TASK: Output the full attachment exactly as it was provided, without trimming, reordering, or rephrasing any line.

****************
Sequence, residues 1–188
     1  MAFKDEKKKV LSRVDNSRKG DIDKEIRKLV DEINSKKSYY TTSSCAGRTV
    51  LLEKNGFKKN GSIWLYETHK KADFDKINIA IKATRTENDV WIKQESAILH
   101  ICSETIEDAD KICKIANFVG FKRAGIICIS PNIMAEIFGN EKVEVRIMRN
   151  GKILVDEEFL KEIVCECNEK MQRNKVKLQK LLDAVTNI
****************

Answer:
Sequence, residues 1–188
     1  MAFKDEKKKV LSRVDNSRKG DIDKEIRKLV DEINSKKSYY TTSSCAGRTV
    51  LLEKNGFKKN GSIWLYETHK KADFDKINIA IKATRTENDV WIKQESAILH
   101  ICSETIEDAD KICKIANFVG FKRAGIICIS PNIMAEIFGN EKVEVRIMRN
   151  GKILVDEEFL KEIVCECNEK MQRNKVKLQK LLDAVTNI